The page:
Because of the U-shaped construction of the two halves of the wire cinch clamp 20, the legs 25 of both the male half 21 and the female half 22 may be forced together or apart to facilitate assembly on cooperating support members. Normally the legs of both halves will be the same distance apart near their respective hooks, which is designated as distance A in the drawings, since in the hook areas the legs of both halves engage the same flanges. Since distance A for each half can be adjusted, within limits, the strap is compatible with U-shaped channels of differing widths, with no loss in mechanical integrity of the resulting attachment. Further the insertion of the several halves with channels in tight or limited working spaces is facilitated since the halves do not have to be twisted or turned to insert them in the channel opening. In addition registry with slots 7 of plate 6 in the straps alternate embodiment (see FIG. 5) is easily achieved by slight adjustment of distance A as the halves are connected with the plate. Thus, due to the hook construction and the ability to vary the distance between the legs of the several halves of the wire cinch strap it is compatible with a large number of different types of cooperating supports.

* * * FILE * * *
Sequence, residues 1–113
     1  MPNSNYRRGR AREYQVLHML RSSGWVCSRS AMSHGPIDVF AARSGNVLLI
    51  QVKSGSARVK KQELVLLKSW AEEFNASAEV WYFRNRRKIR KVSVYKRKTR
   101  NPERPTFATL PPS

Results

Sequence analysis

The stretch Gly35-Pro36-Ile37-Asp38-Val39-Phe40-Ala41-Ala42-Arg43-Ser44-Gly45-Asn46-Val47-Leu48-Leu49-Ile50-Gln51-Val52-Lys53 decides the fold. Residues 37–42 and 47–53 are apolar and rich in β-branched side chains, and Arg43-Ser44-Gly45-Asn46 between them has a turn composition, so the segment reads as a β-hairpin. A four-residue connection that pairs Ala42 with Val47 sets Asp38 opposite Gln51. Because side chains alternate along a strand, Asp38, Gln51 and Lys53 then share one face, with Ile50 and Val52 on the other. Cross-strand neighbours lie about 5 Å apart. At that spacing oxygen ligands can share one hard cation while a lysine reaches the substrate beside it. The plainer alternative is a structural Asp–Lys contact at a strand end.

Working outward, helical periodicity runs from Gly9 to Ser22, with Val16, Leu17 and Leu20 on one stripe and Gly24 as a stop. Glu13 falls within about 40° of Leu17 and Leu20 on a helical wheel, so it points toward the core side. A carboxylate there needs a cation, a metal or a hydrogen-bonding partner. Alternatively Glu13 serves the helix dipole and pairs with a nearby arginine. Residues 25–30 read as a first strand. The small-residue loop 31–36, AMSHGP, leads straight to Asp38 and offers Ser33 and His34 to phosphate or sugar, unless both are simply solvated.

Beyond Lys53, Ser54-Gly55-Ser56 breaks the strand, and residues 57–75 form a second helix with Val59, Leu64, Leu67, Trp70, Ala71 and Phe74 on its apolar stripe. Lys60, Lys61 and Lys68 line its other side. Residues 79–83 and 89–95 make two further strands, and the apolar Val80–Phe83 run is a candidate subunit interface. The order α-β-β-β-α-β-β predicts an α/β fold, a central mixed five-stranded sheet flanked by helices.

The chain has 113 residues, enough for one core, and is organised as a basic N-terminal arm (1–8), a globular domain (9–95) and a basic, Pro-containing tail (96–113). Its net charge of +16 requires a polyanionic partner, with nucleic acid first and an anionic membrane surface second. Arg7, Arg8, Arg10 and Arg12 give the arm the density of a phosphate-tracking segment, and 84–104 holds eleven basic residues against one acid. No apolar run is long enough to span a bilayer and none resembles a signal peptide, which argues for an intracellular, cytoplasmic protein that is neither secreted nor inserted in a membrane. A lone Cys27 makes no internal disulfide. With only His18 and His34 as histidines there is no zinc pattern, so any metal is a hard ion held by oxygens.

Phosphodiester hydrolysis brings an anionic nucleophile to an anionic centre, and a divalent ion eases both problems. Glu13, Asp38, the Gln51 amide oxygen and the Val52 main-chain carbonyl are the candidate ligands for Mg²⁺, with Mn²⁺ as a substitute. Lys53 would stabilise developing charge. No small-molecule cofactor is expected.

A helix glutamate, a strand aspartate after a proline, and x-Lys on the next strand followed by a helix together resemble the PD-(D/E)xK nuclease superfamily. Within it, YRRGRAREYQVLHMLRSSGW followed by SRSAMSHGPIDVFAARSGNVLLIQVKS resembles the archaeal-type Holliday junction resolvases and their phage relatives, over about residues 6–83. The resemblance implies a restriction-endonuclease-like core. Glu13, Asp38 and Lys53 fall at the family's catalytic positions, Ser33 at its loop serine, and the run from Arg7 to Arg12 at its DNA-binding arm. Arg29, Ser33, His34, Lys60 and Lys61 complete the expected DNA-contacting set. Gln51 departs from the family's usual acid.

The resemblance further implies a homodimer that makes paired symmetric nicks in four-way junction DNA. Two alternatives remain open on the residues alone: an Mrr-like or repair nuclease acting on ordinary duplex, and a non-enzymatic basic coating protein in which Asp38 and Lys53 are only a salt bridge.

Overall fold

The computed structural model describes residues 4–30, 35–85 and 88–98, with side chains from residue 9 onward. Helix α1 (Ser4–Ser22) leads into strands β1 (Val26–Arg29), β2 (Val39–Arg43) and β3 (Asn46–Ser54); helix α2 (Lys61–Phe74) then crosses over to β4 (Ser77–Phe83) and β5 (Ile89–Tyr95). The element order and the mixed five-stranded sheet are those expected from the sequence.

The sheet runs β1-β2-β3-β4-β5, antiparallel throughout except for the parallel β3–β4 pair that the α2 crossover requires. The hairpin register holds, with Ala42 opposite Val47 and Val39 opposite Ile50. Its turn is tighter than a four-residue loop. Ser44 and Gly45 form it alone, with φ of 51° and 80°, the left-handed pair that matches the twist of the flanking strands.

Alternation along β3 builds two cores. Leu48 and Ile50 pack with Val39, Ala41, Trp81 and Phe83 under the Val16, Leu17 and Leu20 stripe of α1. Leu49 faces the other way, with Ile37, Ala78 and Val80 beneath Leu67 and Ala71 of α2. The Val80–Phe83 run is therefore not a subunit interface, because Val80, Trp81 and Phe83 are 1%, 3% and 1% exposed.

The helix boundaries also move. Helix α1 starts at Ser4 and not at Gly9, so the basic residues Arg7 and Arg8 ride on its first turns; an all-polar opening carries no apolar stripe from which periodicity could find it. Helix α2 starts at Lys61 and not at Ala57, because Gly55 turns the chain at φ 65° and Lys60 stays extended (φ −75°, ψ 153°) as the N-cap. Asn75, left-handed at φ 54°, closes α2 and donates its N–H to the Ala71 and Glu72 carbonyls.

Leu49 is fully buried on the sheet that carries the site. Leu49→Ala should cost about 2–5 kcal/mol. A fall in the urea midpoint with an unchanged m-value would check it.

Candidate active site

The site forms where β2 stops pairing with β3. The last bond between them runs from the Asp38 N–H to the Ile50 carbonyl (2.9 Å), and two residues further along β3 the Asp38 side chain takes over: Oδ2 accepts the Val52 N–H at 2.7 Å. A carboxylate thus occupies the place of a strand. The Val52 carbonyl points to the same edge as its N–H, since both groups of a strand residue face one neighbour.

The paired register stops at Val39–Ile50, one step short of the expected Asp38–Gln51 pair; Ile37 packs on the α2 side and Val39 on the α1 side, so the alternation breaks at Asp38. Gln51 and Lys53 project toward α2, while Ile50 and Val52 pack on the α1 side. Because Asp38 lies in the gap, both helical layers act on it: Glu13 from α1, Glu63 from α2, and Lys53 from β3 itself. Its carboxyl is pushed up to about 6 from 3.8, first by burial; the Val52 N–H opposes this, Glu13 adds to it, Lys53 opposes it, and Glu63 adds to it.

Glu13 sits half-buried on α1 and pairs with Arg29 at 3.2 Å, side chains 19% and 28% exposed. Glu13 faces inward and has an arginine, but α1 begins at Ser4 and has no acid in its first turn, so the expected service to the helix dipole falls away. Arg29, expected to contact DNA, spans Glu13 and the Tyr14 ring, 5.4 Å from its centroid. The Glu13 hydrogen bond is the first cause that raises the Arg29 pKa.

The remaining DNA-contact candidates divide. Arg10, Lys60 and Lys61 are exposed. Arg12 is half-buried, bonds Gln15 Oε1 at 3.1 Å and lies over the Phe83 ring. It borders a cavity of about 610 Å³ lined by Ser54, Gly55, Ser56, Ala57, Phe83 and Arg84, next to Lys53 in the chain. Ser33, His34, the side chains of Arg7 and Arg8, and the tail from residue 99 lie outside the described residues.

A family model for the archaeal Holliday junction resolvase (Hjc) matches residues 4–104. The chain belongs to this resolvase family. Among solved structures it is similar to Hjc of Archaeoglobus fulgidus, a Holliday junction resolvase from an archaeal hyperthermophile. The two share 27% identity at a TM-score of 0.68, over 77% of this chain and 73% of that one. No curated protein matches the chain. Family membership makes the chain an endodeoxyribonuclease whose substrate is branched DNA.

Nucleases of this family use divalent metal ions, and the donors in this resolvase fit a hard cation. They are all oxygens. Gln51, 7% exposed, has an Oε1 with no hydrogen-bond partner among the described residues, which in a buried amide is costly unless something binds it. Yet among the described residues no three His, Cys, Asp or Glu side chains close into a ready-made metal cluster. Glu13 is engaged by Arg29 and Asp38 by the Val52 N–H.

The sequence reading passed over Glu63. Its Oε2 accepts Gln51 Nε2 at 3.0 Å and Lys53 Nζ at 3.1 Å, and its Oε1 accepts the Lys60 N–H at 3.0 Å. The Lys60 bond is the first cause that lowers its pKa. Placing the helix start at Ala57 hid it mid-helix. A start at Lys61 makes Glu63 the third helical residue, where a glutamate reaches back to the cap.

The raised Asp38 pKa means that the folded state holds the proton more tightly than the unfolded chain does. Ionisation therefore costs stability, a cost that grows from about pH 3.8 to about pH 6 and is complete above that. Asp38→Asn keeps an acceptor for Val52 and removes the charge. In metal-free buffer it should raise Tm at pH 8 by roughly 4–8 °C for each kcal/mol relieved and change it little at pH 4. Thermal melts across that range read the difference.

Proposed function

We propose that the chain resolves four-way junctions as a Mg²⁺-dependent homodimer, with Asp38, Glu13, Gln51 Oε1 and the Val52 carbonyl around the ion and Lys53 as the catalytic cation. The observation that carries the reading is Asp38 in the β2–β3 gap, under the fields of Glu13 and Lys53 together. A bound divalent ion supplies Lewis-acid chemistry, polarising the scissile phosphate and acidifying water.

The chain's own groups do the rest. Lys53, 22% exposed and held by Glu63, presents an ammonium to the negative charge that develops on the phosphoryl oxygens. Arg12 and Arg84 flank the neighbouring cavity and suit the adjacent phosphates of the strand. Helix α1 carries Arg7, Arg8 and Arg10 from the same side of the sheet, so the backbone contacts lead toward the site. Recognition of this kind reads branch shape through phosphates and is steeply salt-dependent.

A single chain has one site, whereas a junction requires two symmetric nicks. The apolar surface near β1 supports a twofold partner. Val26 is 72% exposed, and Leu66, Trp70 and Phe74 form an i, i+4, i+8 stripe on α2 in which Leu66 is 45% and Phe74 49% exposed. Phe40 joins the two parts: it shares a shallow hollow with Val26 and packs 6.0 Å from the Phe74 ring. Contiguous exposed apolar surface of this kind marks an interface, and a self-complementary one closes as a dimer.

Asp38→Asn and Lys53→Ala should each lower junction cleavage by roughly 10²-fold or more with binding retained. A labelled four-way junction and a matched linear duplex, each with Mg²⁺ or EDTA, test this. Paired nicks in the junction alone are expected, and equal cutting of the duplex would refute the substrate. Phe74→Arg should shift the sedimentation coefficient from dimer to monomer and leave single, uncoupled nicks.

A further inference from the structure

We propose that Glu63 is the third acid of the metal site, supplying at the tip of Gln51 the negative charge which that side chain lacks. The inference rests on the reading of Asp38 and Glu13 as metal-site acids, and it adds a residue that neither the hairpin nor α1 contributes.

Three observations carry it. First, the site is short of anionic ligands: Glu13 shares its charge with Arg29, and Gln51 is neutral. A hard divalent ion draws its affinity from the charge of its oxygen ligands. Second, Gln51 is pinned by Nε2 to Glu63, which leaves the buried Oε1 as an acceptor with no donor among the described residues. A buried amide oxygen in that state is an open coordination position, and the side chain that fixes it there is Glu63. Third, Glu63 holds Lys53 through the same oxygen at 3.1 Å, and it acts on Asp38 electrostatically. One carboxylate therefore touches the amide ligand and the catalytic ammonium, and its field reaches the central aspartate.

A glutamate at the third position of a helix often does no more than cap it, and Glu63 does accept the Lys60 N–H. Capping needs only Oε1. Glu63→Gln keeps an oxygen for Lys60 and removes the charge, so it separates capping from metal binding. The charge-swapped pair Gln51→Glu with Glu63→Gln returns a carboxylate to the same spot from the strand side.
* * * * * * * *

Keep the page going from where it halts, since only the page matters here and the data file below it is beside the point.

As indicated above, it is desirable to have the distance A identically adjacent to the hooks 26 on both the male and female halves, 21 and 22 respectively, of the wire cinch clamp. Therefore the female half is generally provided with an offset 27 in each of its legs 25 so that the loop end 23 of the male half will freely pass through its loop end 24 without interference. Each offset is approximately equal to the diameter of the wire forming the cinch strap and is located in the central portion of the legs, usually just below its point of contact with the conduit 10 in the area of hooks 26.